Rebel unity is more urgent than ever given the second great schism among forces fighting the regime: the war Al-Qaeda affiliate Jabhat al-Nusra launched in July 2014 to smash the FSA and carve out territorially contiguous theocratic emirates in Idlib and Daraa. Jabhat al-Nusra’s aggression was precipitated by ever-greater U.S. involvement on the side of the opposition and Daesh’s newly declared Caliphate, both of which threatened the Al-Qaeda project in Syria from different directions.
The Balance of Forces: Shifts and Underlying Trends
The single most important thing to understand about Syria today is that the pre-2011 political setup is gone forever. No force on Earth can reverse that. The battle now is over what will replace the old arrangements, over what new political superstructures and class relations will prevail. The outcome of this fight is nearly impossible to foresee even in general terms because there are so many warring factions:
- The regime (NDF, Syrian Arab Army).
- Foreign regime allies (Hezbollah, Iraqi and other foreign Shia militias).
- The rebels (FSA, Islamic Front, Syrian Revolutionary Front, independent Islamist and secular brigades).
- Foreign rebel allies (small groups such as Jamaat Ahadun Ahad or the Chechens who defected from Daesh).
- Jabhat al-Nusra.
- The Kurds (the People’s Protection Units [YPG], a militia dominated by the secular-democratic and socialist Democratic Union Party [PYD]).
Some of the aims and interests of these actors overlap; others contradict each other irreconcilably. The regime, its foreign allies, and Daesh have benefited from the rebels’ failure to reconcile their serious differences with YPG and PYD for the purpose of uniting to smash the three enemies that menace them. Even worse, throughout 2013 Islamist and FSA brigades fought alongside Daesh as Daesh attacked the YPG. This strengthened the rebels’ enemy, alienated and weakened a potential ally, and deepened Syria’s fragmentation.
Since the regime and Daesh both focused almost all of their attacks on rebel forces in early/mid 2014 instead of on each other (Daesh-regime clashes constituted only 5% of the total battles fought in Syria in June 2014, for example), many activists and even the Syrian National Coalition of Revolution and Opposition Forces claimed that the two were partners or co-conspirators. What appeared to be conspiracy was really the result of strategic calculation born of a particular conjecture. For its part, the regime knew that the demographics of its strongholds made Daesh rule there all but impossible and prioritized fighting the rebels as the only force that could potentially generate enough broad-based support to supplant and displace it. Meanwhile, Daesh opportunistically preyed on the weakest actors on the political landscape — the scattered, divided rebel movement and the beleaguered institutions of bourgeois-democratic governance that arose in rebel-held areas. Riven by the competing priorities of fighting versus governing as well as internal dissension, rebel and opposition forces were no match for the united and better-led Daesh as they eliminated rebel factions first before suppressing civilian activism in al-Raqqa as well as Manbij, the birth place of Syria’s first labor union.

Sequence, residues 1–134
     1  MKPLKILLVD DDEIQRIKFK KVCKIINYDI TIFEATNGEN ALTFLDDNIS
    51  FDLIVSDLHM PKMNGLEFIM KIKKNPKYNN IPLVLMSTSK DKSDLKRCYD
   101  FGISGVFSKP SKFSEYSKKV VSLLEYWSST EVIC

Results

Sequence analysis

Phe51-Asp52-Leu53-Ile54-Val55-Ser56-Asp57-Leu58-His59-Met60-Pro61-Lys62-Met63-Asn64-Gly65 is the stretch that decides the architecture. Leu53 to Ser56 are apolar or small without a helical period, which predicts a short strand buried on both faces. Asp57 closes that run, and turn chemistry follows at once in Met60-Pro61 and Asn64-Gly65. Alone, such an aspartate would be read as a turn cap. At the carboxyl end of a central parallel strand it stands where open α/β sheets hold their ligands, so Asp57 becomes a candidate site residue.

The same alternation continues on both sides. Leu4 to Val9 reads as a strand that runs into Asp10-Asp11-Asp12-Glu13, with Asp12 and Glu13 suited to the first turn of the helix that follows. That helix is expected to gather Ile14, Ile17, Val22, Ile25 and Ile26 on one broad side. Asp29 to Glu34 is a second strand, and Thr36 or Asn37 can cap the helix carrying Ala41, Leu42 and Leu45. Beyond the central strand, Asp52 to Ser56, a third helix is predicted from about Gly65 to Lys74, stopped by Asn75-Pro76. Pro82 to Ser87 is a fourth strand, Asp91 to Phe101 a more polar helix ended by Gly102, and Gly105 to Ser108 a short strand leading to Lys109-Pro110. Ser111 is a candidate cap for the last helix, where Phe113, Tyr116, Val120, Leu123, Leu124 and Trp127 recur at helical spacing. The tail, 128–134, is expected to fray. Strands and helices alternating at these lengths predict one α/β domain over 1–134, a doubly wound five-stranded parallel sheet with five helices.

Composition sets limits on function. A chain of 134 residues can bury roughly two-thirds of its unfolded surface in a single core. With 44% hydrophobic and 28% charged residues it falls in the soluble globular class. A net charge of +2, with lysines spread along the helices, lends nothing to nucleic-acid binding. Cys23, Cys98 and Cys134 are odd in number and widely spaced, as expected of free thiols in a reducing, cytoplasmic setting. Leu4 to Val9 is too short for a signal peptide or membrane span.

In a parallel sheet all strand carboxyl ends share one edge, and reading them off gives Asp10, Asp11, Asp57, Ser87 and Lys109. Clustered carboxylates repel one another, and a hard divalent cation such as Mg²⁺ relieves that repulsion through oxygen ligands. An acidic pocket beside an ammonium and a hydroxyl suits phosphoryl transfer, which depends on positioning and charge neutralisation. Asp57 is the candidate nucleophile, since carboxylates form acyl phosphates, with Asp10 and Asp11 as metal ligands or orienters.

“Who do you feel best represents the interests and aspirations of the Syrian people?”
Source: Orb International.
The defeat of rebel forces has not given way to peace between Daesh and the regime but to an even more barbaric war between them, a war the regime is losing and will lose in northern and eastern Syria. This proves that Daesh was never a puppet nor a partner of the regime (or a creation of Iran, for that matter).
Since the battle of Qusayr in June 2013, the regime’s military momentum has masked the loss of its social and economic foundations. The old regime’s power peaked in 2011 and the post-revolution regime’s power — fueled by massive foreign support — peaked in mid 2014, checked by its own internal contradictions and by the growing power of Daesh.
The rebels’ military momentum lasted from 2011 until they entered Aleppo in mid 2012 and liberated al-Raqqa in early 2013, at which point their internal contradictions impeded further progress. Lack of unity, organization, and effective leadership prevented the rebels from securing the socioeconomic foundations upon which to erect the kind of sturdy bourgeois-democratic state necessary to govern liberated areas and simultaneously wage a protracted and victorious revolutionary war.
This failure by the rebels led directly to the Daesh’s disastrous success. The revolution is the negation of the regime and Daesh is the negation of the revolution.